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Mapping of a Protein Interaction Network Required for Enterobactin Biosynthesis in Escherichia coli

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Mapping of a Protein Interaction Network Required for Enterobactin Biosynthesis in Escherichia coli

Pakarian, Paknoosh (2016) Mapping of a Protein Interaction Network Required for Enterobactin Biosynthesis in Escherichia coli. PhD thesis, Concordia University.

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Abstract

Protein complexes are essential components of many biological processes. Therefore, protein-protein interactions are crucial for many essential cellular functions and are considered good targets for the development of novel therapeutics.
Siderophore biosynthesis is one of the biological processes that has an absolute requirement for protein-protein interactions. Siderophores are small iron-scavenging molecules that are synthesized and secreted by iron-starved bacteria to chelate ferric iron (Fe3+) from the environment. Ferric iron, which is essential for survival and growth of most bacteria, is insoluble at neutral pH, or is bound to host iron storage proteins such as transferrin. By taking up Fe3+-siderophore complexes, such bacteria can survive and proliferate in low-iron environments.
Enterobactin is a catecholate type siderophore of E. coli that is synthesized in its cytoplasm by seven enzymes, EntA-F and EntH. These sequentially-related enzymes function together to produce enterobactin, which is a cyclic trimer of 2,3-dihydroxy-N-benzoyl-L-serine. Enterobactin biosynthetic enzymes are organized in two functional modules: the DHB module (EntCBA) and the non-ribosomal peptide synthesis (NRPS) module (EntBDEF). Interactions between EntBDEF in the NRPS module have been previously reported. Our research group has since reported in vitro evidence of an interaction between EntA and EntE, the enzymes at the interface of the DHB and NRPS modules.
The research presented here is focused on the identification of novel protein-protein interactions in the DHB module as well as the study of subunit orientation in the Ent complexes.
The first research chapter is centered on the subunit orientation in the intracellular EntA-EntE complex. In this study Chrome Azurol S (CAS) assays and bacterial adenylate cyclase two-hybrid (BACTH) assays were employed to study the EntA-EntE complexation in vivo. CAS assays were used to validate the functionality of EntA and EntE BACTH constructs. BACTH experiments were then performed to identify the intracellular complexation of EntA and EntE and to determine the orientation of EntA relative to EntE in the complex. BACTH results were further validated by automated docking simulations.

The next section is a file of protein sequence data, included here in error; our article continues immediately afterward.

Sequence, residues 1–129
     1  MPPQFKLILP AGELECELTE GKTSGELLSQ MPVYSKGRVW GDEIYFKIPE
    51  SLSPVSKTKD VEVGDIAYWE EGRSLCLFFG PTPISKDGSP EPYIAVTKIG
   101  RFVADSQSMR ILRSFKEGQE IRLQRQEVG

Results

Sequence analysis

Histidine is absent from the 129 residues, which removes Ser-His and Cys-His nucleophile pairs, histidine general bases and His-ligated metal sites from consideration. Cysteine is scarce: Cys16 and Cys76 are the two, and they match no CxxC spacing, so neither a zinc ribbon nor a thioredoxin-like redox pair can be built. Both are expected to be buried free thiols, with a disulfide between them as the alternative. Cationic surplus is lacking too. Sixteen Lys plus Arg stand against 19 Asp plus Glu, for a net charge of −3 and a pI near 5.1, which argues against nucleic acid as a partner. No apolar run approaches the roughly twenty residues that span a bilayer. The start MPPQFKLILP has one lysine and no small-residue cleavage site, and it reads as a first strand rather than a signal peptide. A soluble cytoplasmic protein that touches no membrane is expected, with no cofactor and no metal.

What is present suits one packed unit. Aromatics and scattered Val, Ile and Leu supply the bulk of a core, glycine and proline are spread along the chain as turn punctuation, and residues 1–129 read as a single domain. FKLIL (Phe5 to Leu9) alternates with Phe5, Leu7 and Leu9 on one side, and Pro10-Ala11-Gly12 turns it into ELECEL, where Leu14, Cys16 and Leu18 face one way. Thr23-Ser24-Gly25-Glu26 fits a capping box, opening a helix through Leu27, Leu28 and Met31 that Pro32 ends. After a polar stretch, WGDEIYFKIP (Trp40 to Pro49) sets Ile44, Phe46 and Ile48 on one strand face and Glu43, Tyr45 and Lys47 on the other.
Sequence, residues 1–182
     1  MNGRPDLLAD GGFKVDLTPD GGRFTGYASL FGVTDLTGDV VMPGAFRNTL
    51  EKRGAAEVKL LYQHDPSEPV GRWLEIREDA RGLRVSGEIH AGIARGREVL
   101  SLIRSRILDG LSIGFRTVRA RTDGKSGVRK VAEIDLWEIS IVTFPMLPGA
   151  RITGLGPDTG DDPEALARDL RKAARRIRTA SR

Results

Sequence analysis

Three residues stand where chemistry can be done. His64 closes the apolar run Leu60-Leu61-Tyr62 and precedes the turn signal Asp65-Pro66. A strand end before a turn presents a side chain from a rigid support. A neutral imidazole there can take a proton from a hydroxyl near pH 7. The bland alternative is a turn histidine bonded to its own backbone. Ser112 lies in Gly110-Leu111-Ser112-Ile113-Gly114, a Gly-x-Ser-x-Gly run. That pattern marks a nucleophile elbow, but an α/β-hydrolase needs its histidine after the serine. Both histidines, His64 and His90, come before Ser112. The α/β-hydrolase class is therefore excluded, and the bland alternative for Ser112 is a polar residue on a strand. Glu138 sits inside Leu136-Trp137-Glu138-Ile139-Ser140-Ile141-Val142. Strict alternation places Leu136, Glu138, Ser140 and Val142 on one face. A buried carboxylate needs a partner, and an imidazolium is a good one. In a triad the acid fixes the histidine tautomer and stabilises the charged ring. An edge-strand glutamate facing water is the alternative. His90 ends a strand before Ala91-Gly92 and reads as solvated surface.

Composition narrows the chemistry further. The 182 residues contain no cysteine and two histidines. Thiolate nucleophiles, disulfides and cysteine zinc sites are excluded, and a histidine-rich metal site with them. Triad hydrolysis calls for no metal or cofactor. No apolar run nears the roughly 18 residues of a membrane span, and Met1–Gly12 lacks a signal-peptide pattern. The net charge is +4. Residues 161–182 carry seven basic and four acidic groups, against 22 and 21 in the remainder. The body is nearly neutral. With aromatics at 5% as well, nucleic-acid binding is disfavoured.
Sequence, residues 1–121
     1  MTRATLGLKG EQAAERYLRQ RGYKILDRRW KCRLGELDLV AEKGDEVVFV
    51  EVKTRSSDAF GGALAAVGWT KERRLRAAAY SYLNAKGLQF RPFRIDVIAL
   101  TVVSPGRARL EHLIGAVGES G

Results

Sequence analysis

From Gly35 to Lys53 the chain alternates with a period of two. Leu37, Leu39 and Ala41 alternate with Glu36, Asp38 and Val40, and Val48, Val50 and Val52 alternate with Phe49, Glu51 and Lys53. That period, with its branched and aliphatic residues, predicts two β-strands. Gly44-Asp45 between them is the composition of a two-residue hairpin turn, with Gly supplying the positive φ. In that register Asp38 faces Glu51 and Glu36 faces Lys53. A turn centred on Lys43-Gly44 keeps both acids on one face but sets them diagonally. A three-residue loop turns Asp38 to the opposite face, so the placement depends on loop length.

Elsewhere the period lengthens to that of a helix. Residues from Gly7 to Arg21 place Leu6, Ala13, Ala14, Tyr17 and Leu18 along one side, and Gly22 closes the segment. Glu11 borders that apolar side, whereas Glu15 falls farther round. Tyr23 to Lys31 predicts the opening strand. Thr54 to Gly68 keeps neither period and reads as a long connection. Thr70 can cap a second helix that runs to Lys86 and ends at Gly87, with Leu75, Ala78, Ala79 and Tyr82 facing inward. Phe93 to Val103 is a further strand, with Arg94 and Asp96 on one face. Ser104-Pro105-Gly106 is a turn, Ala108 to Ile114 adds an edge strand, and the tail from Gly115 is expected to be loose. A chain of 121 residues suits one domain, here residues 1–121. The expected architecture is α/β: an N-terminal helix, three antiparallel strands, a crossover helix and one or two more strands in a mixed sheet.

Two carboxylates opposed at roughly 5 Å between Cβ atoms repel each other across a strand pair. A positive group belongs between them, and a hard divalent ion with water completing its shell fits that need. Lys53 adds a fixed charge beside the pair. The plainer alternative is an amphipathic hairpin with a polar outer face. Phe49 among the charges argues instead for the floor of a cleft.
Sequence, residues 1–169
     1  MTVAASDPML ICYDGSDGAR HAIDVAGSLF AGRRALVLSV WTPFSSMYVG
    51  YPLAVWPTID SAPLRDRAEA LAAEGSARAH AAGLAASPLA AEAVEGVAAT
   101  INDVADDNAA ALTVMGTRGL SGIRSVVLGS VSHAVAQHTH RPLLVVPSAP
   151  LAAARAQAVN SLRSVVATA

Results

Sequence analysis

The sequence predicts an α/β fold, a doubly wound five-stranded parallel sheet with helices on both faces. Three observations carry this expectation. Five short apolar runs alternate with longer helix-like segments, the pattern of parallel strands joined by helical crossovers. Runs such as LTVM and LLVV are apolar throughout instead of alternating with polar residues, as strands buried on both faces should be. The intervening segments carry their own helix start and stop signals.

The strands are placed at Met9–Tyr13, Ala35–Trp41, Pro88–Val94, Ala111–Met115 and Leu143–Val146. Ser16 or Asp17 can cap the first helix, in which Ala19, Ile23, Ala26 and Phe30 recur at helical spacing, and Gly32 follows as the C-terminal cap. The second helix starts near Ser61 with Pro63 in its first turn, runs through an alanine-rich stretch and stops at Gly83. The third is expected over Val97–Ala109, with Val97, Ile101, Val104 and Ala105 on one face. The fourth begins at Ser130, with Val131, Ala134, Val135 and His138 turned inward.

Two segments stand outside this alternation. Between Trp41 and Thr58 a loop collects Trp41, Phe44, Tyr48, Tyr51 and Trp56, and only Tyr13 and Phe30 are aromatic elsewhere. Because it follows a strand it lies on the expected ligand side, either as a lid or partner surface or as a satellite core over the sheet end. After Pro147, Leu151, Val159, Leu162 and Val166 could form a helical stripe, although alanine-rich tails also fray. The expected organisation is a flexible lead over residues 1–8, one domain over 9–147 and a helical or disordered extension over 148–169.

The second research chapter focuses on the construction of two Fur-controlled bidirectional protein expression vectors. Ferric Uptake Regulator (Fur) is a protein involved in iron homeostasis in E. coli. When intracellular iron is abundant, Fur forms a complex with Fe2+. This complex binds to the Fur box and inhibits the transcription of iron responsive genes such as ent genes. The Fur box is the consensus sequence that is located near or within the promoter region of iron responsive genes. The novel expression vectors are derivatives of low copy number plasmids pACYC184 and pBR322 and contain a bidirectional promoter, FLAG or HA tags, TEV cleavage site and a multiple cloning site (MCS) compatible with the MCS of BACTH vectors.
The third research chapter involves the identification of a novel protein-protein interaction between two enzymes in the DHB module, EntA and EntB. Furthermore, ternary complex formation between EntA, EntB and EntE was investigated in this chapter. BACTH was employed as the primary method for the detection of protein-protein interactions between EntA and EntB. Functionality of all the constructs used in the BACTH was confirmed using the CAS assay and growth studies. Automated docking simulations were also used to generate a model for an EntA-EntB-EntE ternary complex. The EntE-EntB interaction interface in the generated model was in accordance with the published crystal structure for the EntE-EntB complex and therefore supported our experimental results.

Divisions:Concordia University > Faculty of Arts and Science > Chemistry and Biochemistry
Item Type:Thesis (PhD)
Authors:Pakarian, Paknoosh
Institution:Concordia University
Degree Name:Ph. D.
Program:Chemistry
Date:31 August 2016
Thesis Supervisor(s):Pawelek, Peter
ID Code:981657
Deposited By: PAKNOOSH PAKARIAN
Deposited On:09 Nov 2016 14:04
Last Modified:06 Sep 2018 00:00
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